Thursday, June 30, 2005

Why Wasn't Robert Novak Threatened With Jail?

Now We Know. Time's up, Judge Thomas F. Hogan of New York's Federal District Court said in effect today. Hogan will put Judith Miller and Matthew Cooper in jail in one week if they don't give the grand jury the names of their sources. Last October, Judge Hogan said the two reporters would be jailed up to 18 months (or until the grand jury completes its work) for not revealing confidential sources. Judith Miller of the NYT and Matthew Cooper of Time mag said they'd rather go to jail than name names. This whole firestorm started when former diplomat Joseph C. Wilson disputed a statement made by President Bush in his 2003 State of the Union speech. Bush said Iraq had tried to buy yellow cake (an ore that is rich in uranium) in Africa. Wilson said he'd been sent to Africa by the CIA the year before and found that Iraq had not tried to buy the nuclear material. Wilson published an article in the NYT on July 6, 2003 stating his position. Eight days after Wilson's article, syndicated columnist Robert D. Novak reported that Wilson's wife, Valerie Plame, was "an agency operative on weapons of mass destruction." Novak said two senior administration officials gave him the information. Cooper wrote an article about Plame that appeared in Time mag after Novak outed her. Miller wrote an article for the NYT but it was never published. The New York grand jury is investigating the identities of the senior officials who gave info to Novak, Miller and Cooper. Patrick J. Fitzgerald is the special prosecutor on the case. Miller and Cooper said through their lawyers today that they would elect to go to jail rather than rat out their sources. Judge Hogan says the grand jury will be finished with its investigation in 120 days, so the most the reporters would be in jail would be for 4 months, not 18 months. However, everyone has been wondering why Novak emerged unscathed. The NYT reported very clearly this morning the reason Novak isn't going to jail: “Since Mr. Novak appears not to be facing jail time, he presumably supplied information to Mr. Fitzgerald. It is not clear why that did not conclude the investigation. Mr. Fitzgerald and Mr. Novak have consistently declined to discuss the matter.” This sleazy, unprincipled, craven, loud-mouth, neocon stooge, Robert Novak, not only put Plame in jeopardy by divulging her undercover status, but then without batting an eye, told Fitzgerald and Co. who his informants were. Now that we know for sure that Novak is a low-life lying fink and coward, the next question is: Since Novak immediately rolled over and named names, why did Fitzgerald demand Cooper and Miller's sources?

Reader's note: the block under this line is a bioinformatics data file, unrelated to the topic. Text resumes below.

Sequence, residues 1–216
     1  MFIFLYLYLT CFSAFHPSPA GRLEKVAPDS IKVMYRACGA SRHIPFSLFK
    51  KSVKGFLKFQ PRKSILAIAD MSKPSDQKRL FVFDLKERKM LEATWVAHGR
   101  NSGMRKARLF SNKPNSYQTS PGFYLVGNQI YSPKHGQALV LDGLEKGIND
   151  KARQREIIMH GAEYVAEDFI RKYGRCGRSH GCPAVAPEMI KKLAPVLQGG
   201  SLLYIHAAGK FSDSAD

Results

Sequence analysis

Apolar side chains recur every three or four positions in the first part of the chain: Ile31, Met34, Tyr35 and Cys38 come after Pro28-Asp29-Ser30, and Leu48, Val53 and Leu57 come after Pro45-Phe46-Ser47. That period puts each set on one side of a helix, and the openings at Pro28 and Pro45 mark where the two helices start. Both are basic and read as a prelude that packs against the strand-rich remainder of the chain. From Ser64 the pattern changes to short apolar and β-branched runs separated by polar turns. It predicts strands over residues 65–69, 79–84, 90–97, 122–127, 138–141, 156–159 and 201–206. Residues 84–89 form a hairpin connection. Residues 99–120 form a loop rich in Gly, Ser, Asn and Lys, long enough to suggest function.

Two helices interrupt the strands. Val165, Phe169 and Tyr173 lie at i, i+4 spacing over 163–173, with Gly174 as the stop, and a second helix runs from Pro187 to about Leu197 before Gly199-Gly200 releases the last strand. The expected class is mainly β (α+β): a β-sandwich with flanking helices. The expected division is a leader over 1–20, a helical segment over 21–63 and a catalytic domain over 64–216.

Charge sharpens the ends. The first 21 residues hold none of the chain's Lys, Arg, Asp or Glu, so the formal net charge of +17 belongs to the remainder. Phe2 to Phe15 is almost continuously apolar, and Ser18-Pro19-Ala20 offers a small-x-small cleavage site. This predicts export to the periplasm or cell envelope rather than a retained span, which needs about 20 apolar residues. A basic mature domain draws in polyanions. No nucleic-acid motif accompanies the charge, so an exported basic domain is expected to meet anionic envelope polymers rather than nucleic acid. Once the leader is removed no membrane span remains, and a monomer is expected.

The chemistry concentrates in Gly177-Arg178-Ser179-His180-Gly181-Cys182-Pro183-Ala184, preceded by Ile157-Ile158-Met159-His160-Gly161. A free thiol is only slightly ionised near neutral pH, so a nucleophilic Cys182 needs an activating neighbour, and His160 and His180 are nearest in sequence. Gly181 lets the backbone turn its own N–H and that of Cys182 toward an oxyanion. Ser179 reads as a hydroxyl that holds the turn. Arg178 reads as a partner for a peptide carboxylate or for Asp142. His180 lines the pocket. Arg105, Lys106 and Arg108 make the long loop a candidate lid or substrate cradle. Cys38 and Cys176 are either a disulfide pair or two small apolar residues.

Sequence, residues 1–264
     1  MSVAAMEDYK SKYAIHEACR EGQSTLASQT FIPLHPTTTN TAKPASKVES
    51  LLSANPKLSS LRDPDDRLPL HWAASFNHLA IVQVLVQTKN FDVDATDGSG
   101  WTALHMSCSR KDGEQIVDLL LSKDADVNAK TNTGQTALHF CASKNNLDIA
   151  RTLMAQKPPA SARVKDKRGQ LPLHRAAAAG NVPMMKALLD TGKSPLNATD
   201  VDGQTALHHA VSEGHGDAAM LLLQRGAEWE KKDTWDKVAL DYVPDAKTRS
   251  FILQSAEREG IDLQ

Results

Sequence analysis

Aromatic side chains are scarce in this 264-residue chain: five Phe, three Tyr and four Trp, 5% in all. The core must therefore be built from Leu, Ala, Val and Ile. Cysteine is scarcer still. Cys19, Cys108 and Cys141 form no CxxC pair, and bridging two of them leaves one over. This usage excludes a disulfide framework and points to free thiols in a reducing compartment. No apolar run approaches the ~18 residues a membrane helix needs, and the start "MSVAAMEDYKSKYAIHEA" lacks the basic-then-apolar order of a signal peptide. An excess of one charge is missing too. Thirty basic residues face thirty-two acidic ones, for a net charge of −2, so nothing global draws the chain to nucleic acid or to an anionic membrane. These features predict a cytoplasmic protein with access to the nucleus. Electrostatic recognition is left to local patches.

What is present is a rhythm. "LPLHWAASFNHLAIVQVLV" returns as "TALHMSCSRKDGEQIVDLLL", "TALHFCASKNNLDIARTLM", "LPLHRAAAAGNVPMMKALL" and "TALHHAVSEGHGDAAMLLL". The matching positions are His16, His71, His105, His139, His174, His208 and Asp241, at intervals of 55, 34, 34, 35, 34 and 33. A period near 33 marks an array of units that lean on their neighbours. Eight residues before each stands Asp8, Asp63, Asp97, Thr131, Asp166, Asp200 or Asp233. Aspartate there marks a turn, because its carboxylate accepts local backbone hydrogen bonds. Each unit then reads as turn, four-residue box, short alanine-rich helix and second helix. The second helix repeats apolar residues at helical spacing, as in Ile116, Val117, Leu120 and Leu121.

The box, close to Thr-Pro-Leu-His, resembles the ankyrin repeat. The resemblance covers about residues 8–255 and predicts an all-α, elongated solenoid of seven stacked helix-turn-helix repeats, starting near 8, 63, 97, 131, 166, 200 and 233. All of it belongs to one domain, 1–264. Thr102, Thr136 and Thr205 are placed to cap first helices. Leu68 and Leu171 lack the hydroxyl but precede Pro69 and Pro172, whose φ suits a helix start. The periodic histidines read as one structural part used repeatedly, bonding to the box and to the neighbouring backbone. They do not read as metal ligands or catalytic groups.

1 comment:

Barry Schwartz said...

It's not difficult to come up with possible answers to the last question. For example, once Fitzgerald knew who were guilty, he would still seek proof as to the culprits intentions and other details that matter, would still want to know how many times (other than with Novake) the culprits committed the act, more witnesses to call in a prosecution, etc.

Why would anyone think Fitzgerald would stop investigating if all he knew were the answer to just one question, obtained from a single witness? It would make no sense.